Structural genomics and modeling offer the prospect of a comprehensive knowledge of the structure of individual proteins at atomic resolution. However, extending this knowledge to (larger) protein complexes by X-ray crystallography or NMR spectroscopy has proven difficult due to technical limitations. 3D electron density maps of such complexes can be reconstructed from electron micrographs, but the resolution of these maps is typically insufficient for direct atomic modelling. A detailed understanding of the structure of macromolecular complexes therefore often requires fitting of atomic-resolution models of parts of the complex into comprehensive low-resolution density maps.
The most widely used automated fitting methods aim to maximize the cross-correlation between the EM density map and a pseudo-map computed by convolving the atomic structure with a point-spread function. The main disadvantage of this approach is its computational cost, even after Fourier acceleration of the translational search. Run times of an hour or more become prohibitive if an analysis requires multiple runs, for instance with alternative model structures. The key role of surface information in visual fitting inspired us to devise a method that maximizes surface overlap. This approach allowed the formulation of an algorithm that is typically two orders of magnitude faster than publicly available general fitting methods.
First, the template (an EM density map) and the convolved target (a structure model) are described as 3D iso-surfaces. Then, the transformations are explored that project any member of a set of test points of the target surface onto a point of the template surface and that superimposes the pair of vectors associated with these points. Finally, the 1000-2000 transformations with the highest surface overlap (fraction of superimposed voxels) are rescored using more sophisticated scores including cross-correlation.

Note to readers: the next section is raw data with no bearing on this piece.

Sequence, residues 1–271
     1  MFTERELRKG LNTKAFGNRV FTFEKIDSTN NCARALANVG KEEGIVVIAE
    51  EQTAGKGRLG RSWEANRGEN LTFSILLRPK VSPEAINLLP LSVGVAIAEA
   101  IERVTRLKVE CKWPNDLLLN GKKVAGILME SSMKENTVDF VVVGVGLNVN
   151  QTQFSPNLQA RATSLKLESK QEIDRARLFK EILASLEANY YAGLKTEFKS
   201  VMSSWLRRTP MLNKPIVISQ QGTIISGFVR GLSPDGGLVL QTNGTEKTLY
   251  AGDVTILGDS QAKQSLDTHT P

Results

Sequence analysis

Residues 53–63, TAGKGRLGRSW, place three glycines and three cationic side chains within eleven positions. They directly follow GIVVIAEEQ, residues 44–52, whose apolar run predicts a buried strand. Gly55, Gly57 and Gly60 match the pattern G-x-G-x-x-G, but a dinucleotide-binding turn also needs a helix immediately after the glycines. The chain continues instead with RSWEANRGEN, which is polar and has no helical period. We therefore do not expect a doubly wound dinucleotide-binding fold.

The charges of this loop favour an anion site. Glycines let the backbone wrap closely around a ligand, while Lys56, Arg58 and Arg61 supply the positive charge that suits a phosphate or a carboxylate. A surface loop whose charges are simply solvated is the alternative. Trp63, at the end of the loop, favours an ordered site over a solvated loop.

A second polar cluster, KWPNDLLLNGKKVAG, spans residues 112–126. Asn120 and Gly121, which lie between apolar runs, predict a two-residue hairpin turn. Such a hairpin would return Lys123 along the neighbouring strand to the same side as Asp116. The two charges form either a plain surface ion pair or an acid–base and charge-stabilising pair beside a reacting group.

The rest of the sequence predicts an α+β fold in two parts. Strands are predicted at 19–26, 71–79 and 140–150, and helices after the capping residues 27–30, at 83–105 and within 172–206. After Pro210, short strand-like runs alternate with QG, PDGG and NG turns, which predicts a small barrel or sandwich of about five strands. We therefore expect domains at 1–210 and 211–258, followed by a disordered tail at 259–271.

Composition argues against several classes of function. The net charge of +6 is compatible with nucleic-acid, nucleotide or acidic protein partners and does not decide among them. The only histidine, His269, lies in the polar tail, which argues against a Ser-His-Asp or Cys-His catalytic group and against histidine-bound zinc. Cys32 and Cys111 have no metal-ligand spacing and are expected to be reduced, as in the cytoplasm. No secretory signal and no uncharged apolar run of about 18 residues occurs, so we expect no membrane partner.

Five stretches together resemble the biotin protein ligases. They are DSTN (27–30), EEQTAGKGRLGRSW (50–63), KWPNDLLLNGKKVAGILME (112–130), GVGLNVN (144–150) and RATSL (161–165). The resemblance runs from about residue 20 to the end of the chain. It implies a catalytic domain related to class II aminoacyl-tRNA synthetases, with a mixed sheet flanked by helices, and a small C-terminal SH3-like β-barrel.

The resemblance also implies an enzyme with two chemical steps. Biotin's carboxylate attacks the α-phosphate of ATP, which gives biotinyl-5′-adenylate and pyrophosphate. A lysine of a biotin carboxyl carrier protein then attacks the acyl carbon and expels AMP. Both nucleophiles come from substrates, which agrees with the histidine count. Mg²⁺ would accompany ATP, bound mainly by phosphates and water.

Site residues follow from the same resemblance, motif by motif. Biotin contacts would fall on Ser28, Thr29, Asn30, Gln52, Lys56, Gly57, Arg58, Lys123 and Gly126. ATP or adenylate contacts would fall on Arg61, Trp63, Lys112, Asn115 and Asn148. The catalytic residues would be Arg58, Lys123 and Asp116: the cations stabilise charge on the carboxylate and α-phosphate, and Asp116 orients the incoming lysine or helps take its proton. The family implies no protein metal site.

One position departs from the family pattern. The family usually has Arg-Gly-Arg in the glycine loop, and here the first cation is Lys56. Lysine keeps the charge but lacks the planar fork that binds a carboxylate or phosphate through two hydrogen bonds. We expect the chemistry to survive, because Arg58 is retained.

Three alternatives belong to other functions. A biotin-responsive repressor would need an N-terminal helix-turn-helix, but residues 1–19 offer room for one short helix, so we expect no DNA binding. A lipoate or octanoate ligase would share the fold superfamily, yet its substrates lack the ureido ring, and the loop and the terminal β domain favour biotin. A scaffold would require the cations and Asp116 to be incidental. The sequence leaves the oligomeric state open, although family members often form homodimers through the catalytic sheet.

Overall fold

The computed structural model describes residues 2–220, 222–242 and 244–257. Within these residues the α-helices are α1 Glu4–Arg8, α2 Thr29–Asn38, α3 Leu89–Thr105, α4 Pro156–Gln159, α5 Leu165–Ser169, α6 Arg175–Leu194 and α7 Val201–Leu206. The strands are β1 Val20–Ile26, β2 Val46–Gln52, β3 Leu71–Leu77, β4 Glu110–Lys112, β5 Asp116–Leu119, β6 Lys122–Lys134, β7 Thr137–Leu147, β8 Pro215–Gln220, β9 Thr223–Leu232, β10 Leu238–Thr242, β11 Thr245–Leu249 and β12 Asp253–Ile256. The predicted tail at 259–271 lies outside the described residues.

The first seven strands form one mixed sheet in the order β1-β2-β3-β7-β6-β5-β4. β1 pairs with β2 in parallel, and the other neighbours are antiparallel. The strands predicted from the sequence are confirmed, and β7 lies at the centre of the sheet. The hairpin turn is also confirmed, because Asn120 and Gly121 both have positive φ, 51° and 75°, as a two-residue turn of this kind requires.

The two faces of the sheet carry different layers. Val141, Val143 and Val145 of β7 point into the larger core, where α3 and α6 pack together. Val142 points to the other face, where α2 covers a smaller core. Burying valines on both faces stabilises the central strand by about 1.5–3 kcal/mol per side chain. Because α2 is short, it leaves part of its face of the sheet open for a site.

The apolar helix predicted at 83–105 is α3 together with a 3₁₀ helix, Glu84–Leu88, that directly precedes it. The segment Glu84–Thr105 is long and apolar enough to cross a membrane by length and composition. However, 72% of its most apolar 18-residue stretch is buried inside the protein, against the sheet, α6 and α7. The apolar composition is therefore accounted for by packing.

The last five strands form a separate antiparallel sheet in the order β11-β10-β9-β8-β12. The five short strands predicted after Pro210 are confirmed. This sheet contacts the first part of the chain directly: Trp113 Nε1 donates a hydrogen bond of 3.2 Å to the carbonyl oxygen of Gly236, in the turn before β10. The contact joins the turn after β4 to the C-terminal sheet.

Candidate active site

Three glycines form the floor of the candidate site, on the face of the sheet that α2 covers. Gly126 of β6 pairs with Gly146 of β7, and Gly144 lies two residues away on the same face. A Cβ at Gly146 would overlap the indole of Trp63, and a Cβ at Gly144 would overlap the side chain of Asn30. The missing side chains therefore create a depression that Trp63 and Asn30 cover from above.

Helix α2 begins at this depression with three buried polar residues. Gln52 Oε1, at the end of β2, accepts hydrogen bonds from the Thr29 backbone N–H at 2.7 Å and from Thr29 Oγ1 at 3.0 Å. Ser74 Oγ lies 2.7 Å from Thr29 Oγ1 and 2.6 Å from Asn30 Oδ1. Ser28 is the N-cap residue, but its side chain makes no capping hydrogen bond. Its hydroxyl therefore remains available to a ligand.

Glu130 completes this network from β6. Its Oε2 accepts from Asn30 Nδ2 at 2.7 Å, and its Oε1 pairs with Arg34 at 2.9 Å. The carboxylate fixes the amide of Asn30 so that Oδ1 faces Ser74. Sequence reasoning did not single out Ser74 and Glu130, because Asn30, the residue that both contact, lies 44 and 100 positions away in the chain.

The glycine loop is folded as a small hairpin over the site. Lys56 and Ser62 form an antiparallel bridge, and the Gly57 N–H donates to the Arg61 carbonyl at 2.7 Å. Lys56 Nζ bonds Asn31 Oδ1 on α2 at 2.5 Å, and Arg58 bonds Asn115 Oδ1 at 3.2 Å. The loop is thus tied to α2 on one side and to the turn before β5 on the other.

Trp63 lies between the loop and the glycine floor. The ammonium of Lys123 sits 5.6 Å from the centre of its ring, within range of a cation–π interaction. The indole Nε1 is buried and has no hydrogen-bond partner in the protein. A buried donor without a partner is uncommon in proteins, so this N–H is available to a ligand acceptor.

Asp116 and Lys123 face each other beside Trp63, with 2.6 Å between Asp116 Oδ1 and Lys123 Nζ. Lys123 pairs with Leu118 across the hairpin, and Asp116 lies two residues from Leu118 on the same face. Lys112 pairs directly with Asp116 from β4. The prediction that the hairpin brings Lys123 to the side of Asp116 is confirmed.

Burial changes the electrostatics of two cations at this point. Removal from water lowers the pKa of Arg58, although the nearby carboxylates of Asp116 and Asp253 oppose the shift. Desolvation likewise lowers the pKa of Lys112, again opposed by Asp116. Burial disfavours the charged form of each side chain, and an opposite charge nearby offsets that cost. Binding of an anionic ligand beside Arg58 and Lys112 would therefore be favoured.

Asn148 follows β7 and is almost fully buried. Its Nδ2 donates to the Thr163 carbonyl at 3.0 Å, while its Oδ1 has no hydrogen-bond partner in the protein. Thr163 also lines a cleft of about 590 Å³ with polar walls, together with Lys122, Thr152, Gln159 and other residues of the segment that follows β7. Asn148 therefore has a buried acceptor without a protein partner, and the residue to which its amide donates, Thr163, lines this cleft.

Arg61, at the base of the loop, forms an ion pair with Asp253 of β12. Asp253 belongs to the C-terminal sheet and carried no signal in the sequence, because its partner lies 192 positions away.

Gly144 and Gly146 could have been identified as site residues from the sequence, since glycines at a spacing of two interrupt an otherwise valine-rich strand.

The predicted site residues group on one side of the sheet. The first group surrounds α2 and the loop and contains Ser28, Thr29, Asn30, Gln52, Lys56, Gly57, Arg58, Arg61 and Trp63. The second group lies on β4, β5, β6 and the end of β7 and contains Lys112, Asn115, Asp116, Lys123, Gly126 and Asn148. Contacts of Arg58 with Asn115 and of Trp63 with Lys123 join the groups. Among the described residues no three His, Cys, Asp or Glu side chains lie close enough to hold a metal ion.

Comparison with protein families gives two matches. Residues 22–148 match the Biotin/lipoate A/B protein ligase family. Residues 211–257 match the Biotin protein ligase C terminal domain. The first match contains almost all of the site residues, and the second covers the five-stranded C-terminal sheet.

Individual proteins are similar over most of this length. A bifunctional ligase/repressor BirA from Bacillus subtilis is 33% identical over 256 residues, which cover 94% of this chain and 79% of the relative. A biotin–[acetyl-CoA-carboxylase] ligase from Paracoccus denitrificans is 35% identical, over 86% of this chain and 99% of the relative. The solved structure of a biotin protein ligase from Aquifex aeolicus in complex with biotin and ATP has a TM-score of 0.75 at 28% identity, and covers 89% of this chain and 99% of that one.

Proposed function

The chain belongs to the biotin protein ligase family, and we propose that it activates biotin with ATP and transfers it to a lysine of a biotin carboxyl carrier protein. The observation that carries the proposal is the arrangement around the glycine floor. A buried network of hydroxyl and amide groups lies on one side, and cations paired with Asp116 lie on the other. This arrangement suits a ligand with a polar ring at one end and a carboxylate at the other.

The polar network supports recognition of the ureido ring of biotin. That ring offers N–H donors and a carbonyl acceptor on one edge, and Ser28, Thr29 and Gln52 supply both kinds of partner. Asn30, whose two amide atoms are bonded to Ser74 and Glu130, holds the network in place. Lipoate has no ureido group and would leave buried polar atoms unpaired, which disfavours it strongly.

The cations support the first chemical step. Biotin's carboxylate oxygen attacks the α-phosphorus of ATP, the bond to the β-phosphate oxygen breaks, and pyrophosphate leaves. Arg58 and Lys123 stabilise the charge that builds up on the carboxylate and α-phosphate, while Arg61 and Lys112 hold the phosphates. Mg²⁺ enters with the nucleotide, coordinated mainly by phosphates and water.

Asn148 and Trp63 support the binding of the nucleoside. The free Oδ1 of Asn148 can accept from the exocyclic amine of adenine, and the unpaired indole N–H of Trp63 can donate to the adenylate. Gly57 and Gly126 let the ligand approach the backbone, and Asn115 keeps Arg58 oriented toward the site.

Vector-based circumference superimposition. A two-dimensional variant of the three-dimensional vector-based surface superimposition that is central to the 3SOM algorithm. For a test voxel a on the circumference of the target, the vector is calculated that approximates the normalized and inward-pointing vector that is orthogonal to the tangent line in a and with origin in a. This vector is superimposed on the vector that is associated with a voxel b on the circumference of the template. The goodness-of-fit of the transformation in question is assessed by measuring the circumference overlap (triangles). In three dimensions, a rotational degree of freedom is left around the superimposed vectors.
The (ANSI C) source code of 3SOM is freely available for all academic use, including integration in other packages, provided that adequate reference is made to the original method as described in the 3SOM paper. As 3SOM uses standard C libraries, the 3som.c file can be compiled by the command (g)cc 3som.c -o 3som -O3 -lm. Please note that we have tested 3SOM has only on a Pentium IV Linux box.
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